adjective Also lyr·i·cal.


a lyric poem.
Often lyrics. the words of a song.

Origin of lyric

1575–85; < Latin lyricus < Greek lyrikós. See lyre, -ic
Related formslyr·i·cal·ly, adverblyr·i·cal·ness, nounnon·lyr·ic, adjectivenon·lyr·i·cal, adjectivenon·lyr·i·cal·ly, adverbnon·lyr·i·cal·ness, nounsem·i·lyr·ic, adjectivesem·i·lyr·i·cal, adjectivesem·i·lyr·i·cal·ly, adverbun·lyr·ic, adjectiveun·lyr·i·cal, adjectiveun·lyr·i·cal·ly, adverbun·lyr·i·cal·ness, noun Unabridged Based on the Random House Unabridged Dictionary, © Random House, Inc. 2019

Examples from the Web for lyric

Contemporary Examples of lyric

Historical Examples of lyric

  • "Hamlet," on the other hand, is almost a lyric; there is no counterpoise to the student-prince.

  • From the beginning to the end of his career he was as much a lyric poet as a dramatist.

  • In considering it we should come to an understanding of the nature of lyric, the purpose of this essay.

    The Lyric

    John Drinkwater

  • Such a poem must have its own immortality in lyric literature.

    Italy, the Magic Land

    Lilian Whiting

  • He wrote a thesis on the lyric poetry of our country comparing it with that of Europe.

    My Reminiscences

    Rabindranath Tagore

British Dictionary definitions for lyric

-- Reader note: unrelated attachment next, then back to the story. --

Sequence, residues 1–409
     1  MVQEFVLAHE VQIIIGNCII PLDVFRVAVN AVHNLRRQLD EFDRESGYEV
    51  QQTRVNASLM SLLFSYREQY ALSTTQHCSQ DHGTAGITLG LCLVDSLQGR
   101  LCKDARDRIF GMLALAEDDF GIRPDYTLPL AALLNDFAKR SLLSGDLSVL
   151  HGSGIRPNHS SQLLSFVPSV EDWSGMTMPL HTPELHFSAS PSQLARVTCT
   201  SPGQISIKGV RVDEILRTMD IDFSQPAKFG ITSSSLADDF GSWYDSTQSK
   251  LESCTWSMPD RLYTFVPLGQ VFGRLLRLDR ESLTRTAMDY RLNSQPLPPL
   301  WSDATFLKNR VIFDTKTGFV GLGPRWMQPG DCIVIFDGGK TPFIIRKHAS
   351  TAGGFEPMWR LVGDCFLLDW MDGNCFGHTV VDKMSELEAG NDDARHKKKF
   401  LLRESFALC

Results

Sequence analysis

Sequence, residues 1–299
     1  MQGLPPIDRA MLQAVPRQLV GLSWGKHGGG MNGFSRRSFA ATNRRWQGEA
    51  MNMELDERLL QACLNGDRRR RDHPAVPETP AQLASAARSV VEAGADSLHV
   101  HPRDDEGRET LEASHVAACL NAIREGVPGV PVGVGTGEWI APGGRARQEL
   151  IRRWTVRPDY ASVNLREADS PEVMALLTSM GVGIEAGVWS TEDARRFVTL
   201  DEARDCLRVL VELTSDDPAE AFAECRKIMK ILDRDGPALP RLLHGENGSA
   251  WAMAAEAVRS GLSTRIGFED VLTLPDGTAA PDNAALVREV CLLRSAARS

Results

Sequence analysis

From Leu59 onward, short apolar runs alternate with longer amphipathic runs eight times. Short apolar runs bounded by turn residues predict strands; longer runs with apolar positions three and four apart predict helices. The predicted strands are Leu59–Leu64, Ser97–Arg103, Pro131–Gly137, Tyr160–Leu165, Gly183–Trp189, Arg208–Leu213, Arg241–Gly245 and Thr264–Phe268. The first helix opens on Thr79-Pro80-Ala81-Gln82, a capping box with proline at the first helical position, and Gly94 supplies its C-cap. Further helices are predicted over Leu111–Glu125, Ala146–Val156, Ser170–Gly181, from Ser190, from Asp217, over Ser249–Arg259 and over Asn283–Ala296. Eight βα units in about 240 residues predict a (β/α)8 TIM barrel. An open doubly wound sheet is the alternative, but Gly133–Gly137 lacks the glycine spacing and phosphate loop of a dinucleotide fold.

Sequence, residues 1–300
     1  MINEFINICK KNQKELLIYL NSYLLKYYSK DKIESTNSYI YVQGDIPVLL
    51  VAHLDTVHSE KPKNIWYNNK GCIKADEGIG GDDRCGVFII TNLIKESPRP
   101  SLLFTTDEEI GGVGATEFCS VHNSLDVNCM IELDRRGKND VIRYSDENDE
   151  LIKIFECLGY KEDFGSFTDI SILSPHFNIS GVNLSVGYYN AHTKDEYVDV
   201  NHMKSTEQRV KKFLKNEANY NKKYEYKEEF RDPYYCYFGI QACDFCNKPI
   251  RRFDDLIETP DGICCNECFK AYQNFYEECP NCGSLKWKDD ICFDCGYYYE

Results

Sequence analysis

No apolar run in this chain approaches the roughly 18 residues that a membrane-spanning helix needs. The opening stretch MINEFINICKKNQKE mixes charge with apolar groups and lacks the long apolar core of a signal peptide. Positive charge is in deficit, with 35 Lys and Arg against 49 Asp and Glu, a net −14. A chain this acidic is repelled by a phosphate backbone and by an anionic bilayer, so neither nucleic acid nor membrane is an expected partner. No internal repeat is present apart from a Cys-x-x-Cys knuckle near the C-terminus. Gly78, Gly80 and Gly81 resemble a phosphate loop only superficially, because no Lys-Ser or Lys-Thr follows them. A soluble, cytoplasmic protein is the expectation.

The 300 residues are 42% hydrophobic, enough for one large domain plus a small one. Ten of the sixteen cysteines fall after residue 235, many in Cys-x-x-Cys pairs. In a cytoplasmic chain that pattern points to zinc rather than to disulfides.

(of poetry)
  1. expressing the writer's personal feelings and thoughts
  2. having the form and manner of a song
of or relating to such poetry
(of music) having songlike qualities
(of a singing voice) having a light quality and tone
intended for singing, esp (in classical Greece) to the accompaniment of the lyre


a short poem of songlike quality
(plural) the words of a popular song
Also (for senses 1–4): lyrical
Derived Formslyrically, adverblyricalness, noun

Word Origin for lyric

C16: from Latin lyricus, from Greek lurikos, from lura lyre
Collins English Dictionary - Complete & Unabridged 2012 Digital Edition © William Collins Sons & Co. Ltd. 1979, 1986 © HarperCollins Publishers 1998, 2000, 2003, 2005, 2006, 2007, 2009, 2012

Word Origin and History for lyric

"a lyric poem," 1580s, from Middle French lyrique "short poem expressing personal emotion," from Latin lyricus "of or for the lyre," from Greek lyrikos "singing to the lyre," from lyra (see lyre). Meaning "words of a popular song" is first recorded 1876. Related: lyrics.

Online Etymology Dictionary, © 2010 Douglas Harper

lyric in Culture


A kind of poetry, generally short, characterized by a musical use of language. Lyric poetry often involves the expression of intense personal emotion. The elegy, the ode, and the sonnet are forms of the lyric poem.

The New Dictionary of Cultural Literacy, Third Edition Copyright © 2005 by Houghton Mifflin Harcourt Publishing Company. Published by Houghton Mifflin Harcourt Publishing Company. All rights reserved.